A law student at an accredited U.S. law school may represent an appellant if the law student is participating in a legal aid program or clinic conducted by a law school or non-profit organization, and is under the direct supervision of a faculty member, licensed attorney, or accredited representative. The law student cannot receive any direct or indirect compensation from the appellant.
A graduate of an accredited U.S. law school who has not been admitted to the bar may represent an appellant if the graduate is under the supervision of a licensed attorney or accredited representative and does not receive any direct or indirect compensation from the appellant.
A law student or a law graduate may appear before a DHS official if that official grants permission.
An accredited representative is a person who:
- Represents an organization that the Board has recognized; and
- Has been accredited by the Board to represent others in immigration proceedings.
Certain nonprofit religious, charitable, social service, and similar organizations may apply for Board recognition. An organization must establish that its fees are nominal and that it has adequate immigration law knowledge and experience.
Board recognition of an organization does not mean that any employee of that organization is an accredited representative. A recognized organization must still apply for accreditation on behalf of each individual representative. The accreditation of a representative is valid for three years. Individuals lose their accreditation once they are no longer employed by or otherwise connected with the recognized organization.
EOIR maintains a list of recognized organizations and accredited representatives on its website at www.justice.gov/eoir/ra/raroster.htm. Accredited representatives listed by EOIR as “partially accredited” are only authorized to practice before DHS. Accredited representatives listed by EOIR as “fully accredited” may practice before both DHS and EOIR.
If the AAO determines that the representative who signed the Form I-290B for an appeal or motion was ineligible to represent an appellant at the time of filing, the AAO may reject or dismiss the appeal or deny the motion as improperly filed. However, if the appellant signed the Form I-290B, the AAO may proceed as if the appellant was self-represented.
If an attorney or accredited representative becomes ineligible to represent a party after filing an appeal or motion, the AAO will consider the appellant to be self-represented until a new Form G-28 is submitted for an eligible attorney or accredited representative.
Appellants may request the withdrawal of a representative’s appearance on their behalf, and representatives may request to withdraw their representation of an appellant. If the AAO authorizes a withdrawal, it will no longer communicate with the representative about the matter. The AAO will treat the appellant as self-represented until the submission of a new Form G-28 for a new representative.
For cases before the AAO, withdrawal of representation requests must be in writing and sent by mail or fax. No special form is required. The written request should identify the appellant and the representative being released. The withdrawal request should also identify the immigration benefit request by Receipt Number and any related A-Number. See Chapter 6.1 for the AAO’s contact information.
Appellants wishing to replace their representative of record must submit a new Form G-28. Recognition of the new representative also accomplishes the withdrawal of the former representative.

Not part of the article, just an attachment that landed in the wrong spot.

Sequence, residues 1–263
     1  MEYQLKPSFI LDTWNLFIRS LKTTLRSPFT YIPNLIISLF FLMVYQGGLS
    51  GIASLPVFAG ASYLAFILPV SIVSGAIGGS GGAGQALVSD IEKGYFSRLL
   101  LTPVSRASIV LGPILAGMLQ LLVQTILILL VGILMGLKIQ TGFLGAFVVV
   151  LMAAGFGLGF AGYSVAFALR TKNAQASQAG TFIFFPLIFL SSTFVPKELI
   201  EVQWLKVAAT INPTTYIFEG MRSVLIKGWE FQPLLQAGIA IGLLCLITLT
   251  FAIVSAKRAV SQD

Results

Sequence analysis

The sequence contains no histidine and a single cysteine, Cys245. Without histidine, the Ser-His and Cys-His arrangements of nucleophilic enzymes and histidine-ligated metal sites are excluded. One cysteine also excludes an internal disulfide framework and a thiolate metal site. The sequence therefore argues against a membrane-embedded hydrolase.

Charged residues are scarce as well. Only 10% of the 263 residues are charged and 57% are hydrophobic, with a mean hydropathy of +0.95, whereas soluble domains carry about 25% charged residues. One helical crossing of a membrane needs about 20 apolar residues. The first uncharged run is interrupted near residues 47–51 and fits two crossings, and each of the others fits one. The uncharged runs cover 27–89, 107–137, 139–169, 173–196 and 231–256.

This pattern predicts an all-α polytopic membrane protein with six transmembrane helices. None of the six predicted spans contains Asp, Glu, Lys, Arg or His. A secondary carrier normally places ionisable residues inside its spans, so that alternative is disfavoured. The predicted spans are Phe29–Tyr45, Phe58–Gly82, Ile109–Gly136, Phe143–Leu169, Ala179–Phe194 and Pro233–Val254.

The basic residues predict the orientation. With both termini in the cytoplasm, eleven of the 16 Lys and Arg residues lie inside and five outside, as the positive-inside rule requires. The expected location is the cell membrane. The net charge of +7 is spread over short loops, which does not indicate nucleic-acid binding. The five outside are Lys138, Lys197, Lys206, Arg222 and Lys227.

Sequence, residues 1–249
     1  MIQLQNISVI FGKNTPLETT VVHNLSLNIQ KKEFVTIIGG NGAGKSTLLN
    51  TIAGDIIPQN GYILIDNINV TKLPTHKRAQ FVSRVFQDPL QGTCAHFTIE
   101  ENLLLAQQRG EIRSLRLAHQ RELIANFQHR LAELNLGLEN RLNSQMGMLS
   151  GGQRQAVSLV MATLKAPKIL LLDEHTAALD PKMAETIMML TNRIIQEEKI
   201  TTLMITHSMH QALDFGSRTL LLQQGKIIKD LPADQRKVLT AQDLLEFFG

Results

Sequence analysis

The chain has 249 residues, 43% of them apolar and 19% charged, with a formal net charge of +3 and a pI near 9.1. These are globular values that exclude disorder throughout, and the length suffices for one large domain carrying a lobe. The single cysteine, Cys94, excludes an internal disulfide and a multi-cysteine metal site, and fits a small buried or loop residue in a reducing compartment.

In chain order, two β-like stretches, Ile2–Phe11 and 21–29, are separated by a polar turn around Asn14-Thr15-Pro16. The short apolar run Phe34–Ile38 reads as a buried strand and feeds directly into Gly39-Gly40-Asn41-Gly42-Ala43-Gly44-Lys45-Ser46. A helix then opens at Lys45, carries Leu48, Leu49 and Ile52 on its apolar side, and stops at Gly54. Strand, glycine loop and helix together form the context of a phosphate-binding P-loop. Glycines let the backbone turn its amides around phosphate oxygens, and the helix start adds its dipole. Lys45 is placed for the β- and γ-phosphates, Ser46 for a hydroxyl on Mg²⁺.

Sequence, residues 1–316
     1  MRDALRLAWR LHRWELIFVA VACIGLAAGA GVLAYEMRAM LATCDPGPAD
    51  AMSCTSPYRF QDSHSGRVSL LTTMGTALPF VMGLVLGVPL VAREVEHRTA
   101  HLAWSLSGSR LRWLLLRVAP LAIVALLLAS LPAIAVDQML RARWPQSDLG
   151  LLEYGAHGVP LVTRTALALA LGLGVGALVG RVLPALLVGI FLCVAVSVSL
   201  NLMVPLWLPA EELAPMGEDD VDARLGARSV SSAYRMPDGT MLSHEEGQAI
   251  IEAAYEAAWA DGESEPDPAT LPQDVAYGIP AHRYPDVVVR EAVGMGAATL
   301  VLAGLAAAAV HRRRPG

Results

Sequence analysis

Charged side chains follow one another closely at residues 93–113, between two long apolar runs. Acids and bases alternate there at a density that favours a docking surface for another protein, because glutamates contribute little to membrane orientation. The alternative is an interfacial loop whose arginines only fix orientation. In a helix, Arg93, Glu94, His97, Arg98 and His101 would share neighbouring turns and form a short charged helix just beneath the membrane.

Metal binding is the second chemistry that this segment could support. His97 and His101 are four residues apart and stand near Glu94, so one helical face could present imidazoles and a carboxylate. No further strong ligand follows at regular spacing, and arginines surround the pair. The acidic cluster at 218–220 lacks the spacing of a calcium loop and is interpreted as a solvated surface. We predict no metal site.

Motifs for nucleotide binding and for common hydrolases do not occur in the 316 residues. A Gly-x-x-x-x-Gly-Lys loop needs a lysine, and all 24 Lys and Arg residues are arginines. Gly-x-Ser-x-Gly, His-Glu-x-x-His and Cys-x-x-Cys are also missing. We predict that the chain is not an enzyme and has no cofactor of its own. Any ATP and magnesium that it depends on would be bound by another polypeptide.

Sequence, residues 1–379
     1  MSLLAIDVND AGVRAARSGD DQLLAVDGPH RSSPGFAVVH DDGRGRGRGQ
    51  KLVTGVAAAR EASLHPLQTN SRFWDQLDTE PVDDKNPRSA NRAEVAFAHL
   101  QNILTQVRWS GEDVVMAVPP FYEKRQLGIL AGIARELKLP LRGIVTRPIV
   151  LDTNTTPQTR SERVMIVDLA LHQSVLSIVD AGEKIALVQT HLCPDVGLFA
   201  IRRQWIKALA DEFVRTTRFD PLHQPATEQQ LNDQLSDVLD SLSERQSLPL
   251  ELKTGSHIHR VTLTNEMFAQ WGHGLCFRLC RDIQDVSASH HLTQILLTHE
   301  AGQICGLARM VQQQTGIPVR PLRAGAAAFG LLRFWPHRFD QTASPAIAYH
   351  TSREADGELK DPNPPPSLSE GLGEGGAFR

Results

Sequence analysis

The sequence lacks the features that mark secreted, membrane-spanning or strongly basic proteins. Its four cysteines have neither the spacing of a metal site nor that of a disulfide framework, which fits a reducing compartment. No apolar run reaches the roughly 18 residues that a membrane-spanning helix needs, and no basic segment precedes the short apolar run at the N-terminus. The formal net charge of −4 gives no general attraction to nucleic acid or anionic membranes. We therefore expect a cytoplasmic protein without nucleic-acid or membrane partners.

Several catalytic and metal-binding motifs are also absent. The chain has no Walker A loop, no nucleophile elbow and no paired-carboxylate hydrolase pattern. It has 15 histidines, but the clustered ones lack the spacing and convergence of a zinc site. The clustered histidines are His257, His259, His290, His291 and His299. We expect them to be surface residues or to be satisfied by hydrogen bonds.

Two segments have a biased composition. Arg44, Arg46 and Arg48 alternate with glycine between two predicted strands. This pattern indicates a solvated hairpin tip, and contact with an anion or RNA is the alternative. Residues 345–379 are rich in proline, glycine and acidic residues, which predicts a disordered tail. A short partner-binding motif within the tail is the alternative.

Attorneys and accredited representatives must represent their clients in accordance with the law, including applicable rules of professional conduct. Under these rules, attorneys and accredited representatives may be disciplined for criminal, unethical, or unprofessional conduct.
Any individual who believes that an attorney or accredited representative has engaged in criminal, unethical, or unprofessional conduct while practicing before DHS may file a complaint with the USCIS Disciplinary Counsel. The complaint must be in writing and include relevant names, dates, locations, and other details sufficient to clearly identify the offending conduct. The AAO encourages appellants to use Form EOIR-44 (PDF) to file a complaint and include any supporting documents or information.
Please mail complaints about an attorney’s or accredited representative’s conduct in a matter before DHS to:
U.S. Citizenship and Immigration Services
ATTN: Disciplinary Counsel
11411 East Jefferson Avenue
Detroit, MI 48214
The USCIS Disciplinary Counsel may initiate formal disciplinary proceedings, which can result in censuring, suspending, or disbarring an attorney or accredited representative from practicing before the Immigration Courts, the Board, and DHS. The USCIS Disciplinary Counsel may also refer complaints about unethical or unprofessional conduct to the appropriate state licensing authorities.
For more information about the discipline of attorneys and accredited representatives, see EOIR’s Attorney Discipline Program webpage.
 [^] A person or entity with legal standing in a proceeding is an “affected party.” 8 C.F.R. § 103.3(a)(1)(iii)(B). For simplicity, this Practice Manual refers to all affected parties as “appellants.” See Chapter 3.7(a) for more information about persons or entities eligible to file an appeal.
 [^] This Practice Manual uses the term “representative” to refer to all persons authorized to represent appellants before the AAO. A self-represented appellant is sometimes referred to as pro se.
 [^] An “accredited representative” is an individual who has been accredited by the Board of Immigration Appeals (the Board) to represent others in immigration proceedings. See Chapter 2.6 for more information about accredited representatives.
 [^] For VAWA, T visa, and U visa cases before the AAO that contain a valid Form G-28, the AAO will send all correspondence, including its final decision, to the appellant "in care of" the representative.